It’s taken a long time — far too long — but the announcement that the State of Alaska expects to finally complete the testing of a large backlog of sexual assault test kits by Dec. 31 is good news.

The announcement made by Gov. Mike Dunleavy on Friday signals the completion of an initiative started in 2015 by then Gov. Bill Walker.

That year, Walker prompted a preliminary inventory that located about 3,800 untested sexual assault test kits across the state in 2016, according the information from the national End The Backlog program.

The federal Department of Justices’ Bureau of Justice Assistance awarded the Alaska Department of Public Safety grants through the National Sexual Assault Kit Initiative in 2016 and 2017 to assess and make progress in reducing the backlog.

“We owe it to victims and their families to deliver justice to perpetrators and bring closure to these tragic experiences,” Walker said at the time that the state received the first $1.1 million SAKI grant, according to a December 2020 story in the Anchorage Daily News.

The Alaska Legislature in 2016 approved a requirement for DPS to conduct an inventory of untested kits. The resulting 2018 report showed a backlog of 2,568 untested kits, according to End the Backlog. The Legislature in 2018 appropriated $2.75 million to process and store sexual assault test kits, in addition to approving further legislation aimed at annual inventories of untested kits and providing law enforcement training in sexual assault case processing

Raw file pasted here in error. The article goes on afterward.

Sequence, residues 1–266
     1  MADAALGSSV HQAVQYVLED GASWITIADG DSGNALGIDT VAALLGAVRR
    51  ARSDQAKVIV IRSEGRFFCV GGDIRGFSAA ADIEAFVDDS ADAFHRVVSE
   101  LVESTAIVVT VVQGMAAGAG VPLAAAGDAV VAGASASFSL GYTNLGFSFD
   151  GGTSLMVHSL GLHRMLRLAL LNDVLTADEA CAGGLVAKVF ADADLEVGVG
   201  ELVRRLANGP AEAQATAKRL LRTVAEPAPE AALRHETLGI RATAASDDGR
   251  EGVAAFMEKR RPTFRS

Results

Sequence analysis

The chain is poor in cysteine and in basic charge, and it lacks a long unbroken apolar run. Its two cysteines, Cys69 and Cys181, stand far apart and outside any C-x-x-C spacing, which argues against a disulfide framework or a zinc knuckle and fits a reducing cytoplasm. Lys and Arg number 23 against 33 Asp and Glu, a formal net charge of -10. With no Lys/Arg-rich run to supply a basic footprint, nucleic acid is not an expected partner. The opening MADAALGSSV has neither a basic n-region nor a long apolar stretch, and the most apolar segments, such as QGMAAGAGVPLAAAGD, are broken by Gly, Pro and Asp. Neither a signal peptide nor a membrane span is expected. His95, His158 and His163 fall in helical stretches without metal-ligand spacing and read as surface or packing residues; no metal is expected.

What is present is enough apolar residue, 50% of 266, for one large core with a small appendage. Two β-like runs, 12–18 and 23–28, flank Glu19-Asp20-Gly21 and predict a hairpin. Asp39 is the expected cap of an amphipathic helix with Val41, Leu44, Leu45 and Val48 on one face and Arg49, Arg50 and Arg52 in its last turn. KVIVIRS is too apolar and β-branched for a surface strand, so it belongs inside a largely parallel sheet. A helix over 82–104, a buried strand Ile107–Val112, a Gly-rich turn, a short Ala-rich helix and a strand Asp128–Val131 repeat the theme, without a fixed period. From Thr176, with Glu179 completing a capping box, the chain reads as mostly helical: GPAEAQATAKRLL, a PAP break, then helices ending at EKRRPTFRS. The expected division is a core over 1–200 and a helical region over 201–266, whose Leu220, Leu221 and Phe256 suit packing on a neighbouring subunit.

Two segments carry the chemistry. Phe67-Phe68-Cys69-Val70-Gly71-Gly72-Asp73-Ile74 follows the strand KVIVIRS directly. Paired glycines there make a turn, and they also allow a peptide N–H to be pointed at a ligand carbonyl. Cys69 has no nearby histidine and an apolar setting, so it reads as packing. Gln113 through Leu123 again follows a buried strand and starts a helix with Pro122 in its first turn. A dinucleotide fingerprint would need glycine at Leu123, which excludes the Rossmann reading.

In October 2020, the federal Department of Justice provided a $999,000 SAKi grant for monitoring and accounting of sexual assault kits from collection through final disposition.

In August of this year, Dunleavy announced a new program to improve testing efficiency, and provide better tracking of evidence by survivors and law enforcement.

On Friday, he announced that 51 kits remain in the lab, “in the final stages of testing” to finish the project to address the project by Dec. 31.

“We’ve put in place internal steps to prevent this kind of backlog from ever happening again and added resources to the State crime lab to ensure every kit is tested within 90 days or sooner,” Dunleavy said in a prepared statement.

That’s a goal that Alaskans should support fully. The woeful truth is that, as of 2019 federal data, Alaska has the highest rate of sexual assault in the United States. We must ensure that the tools for bringing perpetrators to justice are used correctly, and in a timely manner.